News and Events > LaSalle’s 2021 Mid-Year ISA sees the tide turning as the “Great Re-Opening” gains momentum

LaSalle’s 2021 Mid-Year ISA sees the tide turning as the “Great Re-Opening” gains momentum

July 29, 2021

Real estate markets are beginning to stabilize and even show growth in the U.S. and Canada as large-scale COVID-19 vaccination programs enable economic re-openings across North America, according to the LaSalle Research & Strategy’s 2021 Mid-Year Investment Strategy Annual (ISA). However, much like in the full-year report published at the close to 2020, uncertainty remains around specific property types and inflation.

LaSalle clients can view the full report at:

With the backdrop of a strengthening economy and rolling re-openings, the report notes that real estate returns have exceeded expectations in the first half of the year, leading LaSalle to upgrade its return outlook for the remainder of the year. The improved outlook is bolstered by strong investor demand for favored property types and low borrowing costs that are attracting investors to real estate.

Jacques Gordon, Global Head of Research and Strategy at LaSalle, said: “For real estate investors around the world, the pandemic rocked the foundation of the asset class. As our Mid-Year Update reveals, real estate has generally survived intact, and many markets are thriving in novel ways. However, for every property sector or specific location with robust demand, there is another sector facing serious headwinds and existential questions. The pandemic accelerated technology trends in virtually every aspect of our lives – from remote working, tele-health, distance learning, and the deepening of e-commerce. Additionally, the pandemic accelerated the adoption of ESG policies by investors and by occupiers of real estate, a move that has many implications for how LaSalle invests in and operates its real estate holdings going forward.”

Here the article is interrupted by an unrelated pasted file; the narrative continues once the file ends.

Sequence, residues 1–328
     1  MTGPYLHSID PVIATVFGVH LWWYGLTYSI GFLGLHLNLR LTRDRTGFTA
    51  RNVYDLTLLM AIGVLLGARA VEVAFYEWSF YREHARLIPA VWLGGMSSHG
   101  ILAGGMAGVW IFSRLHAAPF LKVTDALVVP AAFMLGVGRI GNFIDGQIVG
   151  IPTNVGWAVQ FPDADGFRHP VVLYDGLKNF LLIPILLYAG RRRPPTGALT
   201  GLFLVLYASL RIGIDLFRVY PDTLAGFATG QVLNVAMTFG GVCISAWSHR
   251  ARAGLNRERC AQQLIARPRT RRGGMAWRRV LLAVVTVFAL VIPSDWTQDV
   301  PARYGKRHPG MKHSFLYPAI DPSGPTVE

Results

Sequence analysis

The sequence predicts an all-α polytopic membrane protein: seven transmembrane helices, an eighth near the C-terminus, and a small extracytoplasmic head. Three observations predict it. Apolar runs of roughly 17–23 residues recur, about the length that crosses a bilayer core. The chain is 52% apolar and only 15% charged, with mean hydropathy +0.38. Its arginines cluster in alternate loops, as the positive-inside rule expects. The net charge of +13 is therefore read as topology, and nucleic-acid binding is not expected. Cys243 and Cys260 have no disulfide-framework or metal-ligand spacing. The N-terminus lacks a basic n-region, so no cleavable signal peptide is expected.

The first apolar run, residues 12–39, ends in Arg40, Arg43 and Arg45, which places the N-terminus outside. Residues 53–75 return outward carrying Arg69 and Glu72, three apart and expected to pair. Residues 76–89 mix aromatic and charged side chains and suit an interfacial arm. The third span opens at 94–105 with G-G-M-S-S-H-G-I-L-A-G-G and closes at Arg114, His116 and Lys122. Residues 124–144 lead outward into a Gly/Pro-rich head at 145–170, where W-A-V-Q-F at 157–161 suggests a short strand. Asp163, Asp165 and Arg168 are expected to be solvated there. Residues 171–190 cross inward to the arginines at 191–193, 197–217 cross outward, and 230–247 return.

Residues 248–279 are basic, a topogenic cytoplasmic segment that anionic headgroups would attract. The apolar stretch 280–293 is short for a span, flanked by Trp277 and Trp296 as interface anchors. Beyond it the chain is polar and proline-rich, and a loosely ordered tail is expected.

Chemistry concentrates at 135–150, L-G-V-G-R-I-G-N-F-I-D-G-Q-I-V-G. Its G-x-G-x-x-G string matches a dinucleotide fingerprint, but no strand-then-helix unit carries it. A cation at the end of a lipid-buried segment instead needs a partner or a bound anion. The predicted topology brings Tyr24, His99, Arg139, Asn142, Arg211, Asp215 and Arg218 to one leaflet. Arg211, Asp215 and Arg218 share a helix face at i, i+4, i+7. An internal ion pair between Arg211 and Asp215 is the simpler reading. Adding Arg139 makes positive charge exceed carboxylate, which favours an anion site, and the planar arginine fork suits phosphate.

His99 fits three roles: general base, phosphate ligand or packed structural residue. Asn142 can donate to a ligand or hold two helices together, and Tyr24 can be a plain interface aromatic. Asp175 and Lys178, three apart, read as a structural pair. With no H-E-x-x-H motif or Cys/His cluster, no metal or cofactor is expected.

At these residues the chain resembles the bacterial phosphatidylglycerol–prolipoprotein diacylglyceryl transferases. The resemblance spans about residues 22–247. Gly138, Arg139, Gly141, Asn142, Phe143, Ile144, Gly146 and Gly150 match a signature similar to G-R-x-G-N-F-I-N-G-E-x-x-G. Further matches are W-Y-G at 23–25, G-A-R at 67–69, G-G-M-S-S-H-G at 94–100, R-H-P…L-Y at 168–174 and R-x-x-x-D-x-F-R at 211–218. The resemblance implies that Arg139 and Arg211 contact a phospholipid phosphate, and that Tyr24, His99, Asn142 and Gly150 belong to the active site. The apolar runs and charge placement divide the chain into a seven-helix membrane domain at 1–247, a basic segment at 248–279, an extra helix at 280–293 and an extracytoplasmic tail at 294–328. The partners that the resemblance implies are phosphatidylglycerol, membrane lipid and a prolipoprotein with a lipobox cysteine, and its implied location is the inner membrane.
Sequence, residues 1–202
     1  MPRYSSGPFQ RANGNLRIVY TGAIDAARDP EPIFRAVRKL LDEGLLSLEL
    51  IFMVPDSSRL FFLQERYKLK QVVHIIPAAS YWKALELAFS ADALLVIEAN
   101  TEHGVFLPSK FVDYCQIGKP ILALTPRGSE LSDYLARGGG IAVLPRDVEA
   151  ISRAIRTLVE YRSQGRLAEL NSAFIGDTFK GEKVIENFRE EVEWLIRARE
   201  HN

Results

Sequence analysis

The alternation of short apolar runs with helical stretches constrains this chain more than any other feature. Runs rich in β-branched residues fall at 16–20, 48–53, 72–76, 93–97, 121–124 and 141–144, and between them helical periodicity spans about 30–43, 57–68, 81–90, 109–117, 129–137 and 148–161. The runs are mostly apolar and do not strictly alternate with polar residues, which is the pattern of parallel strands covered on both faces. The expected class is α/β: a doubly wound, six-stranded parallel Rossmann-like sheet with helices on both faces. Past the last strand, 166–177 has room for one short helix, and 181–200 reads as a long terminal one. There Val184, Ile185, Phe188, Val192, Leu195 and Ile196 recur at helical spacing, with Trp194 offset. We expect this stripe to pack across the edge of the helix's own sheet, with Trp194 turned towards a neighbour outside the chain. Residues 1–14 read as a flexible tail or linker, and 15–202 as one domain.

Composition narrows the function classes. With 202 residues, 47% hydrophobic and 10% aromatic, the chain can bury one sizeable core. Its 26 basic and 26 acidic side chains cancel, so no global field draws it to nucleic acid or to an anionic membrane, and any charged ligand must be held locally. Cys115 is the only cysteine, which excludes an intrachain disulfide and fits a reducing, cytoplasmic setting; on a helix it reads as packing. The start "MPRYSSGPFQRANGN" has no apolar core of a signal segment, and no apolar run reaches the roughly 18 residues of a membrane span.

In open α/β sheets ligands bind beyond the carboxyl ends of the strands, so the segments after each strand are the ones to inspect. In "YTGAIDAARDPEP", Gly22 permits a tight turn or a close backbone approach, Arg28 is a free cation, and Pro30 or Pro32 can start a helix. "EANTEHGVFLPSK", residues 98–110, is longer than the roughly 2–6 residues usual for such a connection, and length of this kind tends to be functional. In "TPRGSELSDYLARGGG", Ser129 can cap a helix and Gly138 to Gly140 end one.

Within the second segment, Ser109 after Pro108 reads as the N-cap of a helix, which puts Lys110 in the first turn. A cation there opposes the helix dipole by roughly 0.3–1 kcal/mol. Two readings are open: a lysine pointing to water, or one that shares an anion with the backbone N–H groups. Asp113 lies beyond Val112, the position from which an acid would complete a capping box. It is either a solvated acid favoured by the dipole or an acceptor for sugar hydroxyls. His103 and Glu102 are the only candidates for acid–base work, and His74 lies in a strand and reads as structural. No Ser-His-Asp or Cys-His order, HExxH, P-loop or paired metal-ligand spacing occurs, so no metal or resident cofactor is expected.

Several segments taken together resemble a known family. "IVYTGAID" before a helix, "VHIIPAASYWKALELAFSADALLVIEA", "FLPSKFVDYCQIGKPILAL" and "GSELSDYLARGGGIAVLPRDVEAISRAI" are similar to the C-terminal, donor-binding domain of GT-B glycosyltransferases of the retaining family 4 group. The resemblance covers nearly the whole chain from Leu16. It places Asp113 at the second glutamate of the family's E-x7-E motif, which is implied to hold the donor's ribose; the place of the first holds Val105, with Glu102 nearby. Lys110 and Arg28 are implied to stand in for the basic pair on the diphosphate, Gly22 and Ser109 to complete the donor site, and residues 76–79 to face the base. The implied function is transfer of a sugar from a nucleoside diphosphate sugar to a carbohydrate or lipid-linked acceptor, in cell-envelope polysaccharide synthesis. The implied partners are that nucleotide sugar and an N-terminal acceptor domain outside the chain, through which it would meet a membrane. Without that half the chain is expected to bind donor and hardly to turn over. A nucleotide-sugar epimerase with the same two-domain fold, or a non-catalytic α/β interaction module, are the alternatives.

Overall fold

Select 2021 Mid-Year ISA findings for North America include:

  • An update on the global “Future of…” series, which provides forward-looking perspective into the office, retail, logistics, residential and niche property sectors in North America and around the world.
  • Vaccination efforts and lower COVID-19 case counts are allowing for greater mobility among U.S. and Canadian populations, breathing life back into some of the property sectors most acutely affected by the pandemic. While the office and retail sectors are lagging behind “in-favor” sectors such as apartments and industrial, there are bright spots emerging as people return to the office and foot traffic accelerates at select retail properties.
  • Meanwhile, the apartment and industrial sectors continue to outperform. Cap rates in these sectors compressed 50 basis points or more during the first half of the year to all-time lows as investor demand for warehouses remains insatiable and apartment properties benefitted from record setting demand.
  • A major theme of the full-year ISA was how the pandemic would affect the dynamic between urban and suburban markets. As expected, suburban properties have outperformed, benefitting from an acceleration of pre-pandemic demographic trends and people looking to avoid the more restrictive, close-in urban centers amid the pandemic. LaSalle projected an urban rebound, and that is starting to materialize, illustrated by accelerating urban apartment rent growth in April and May.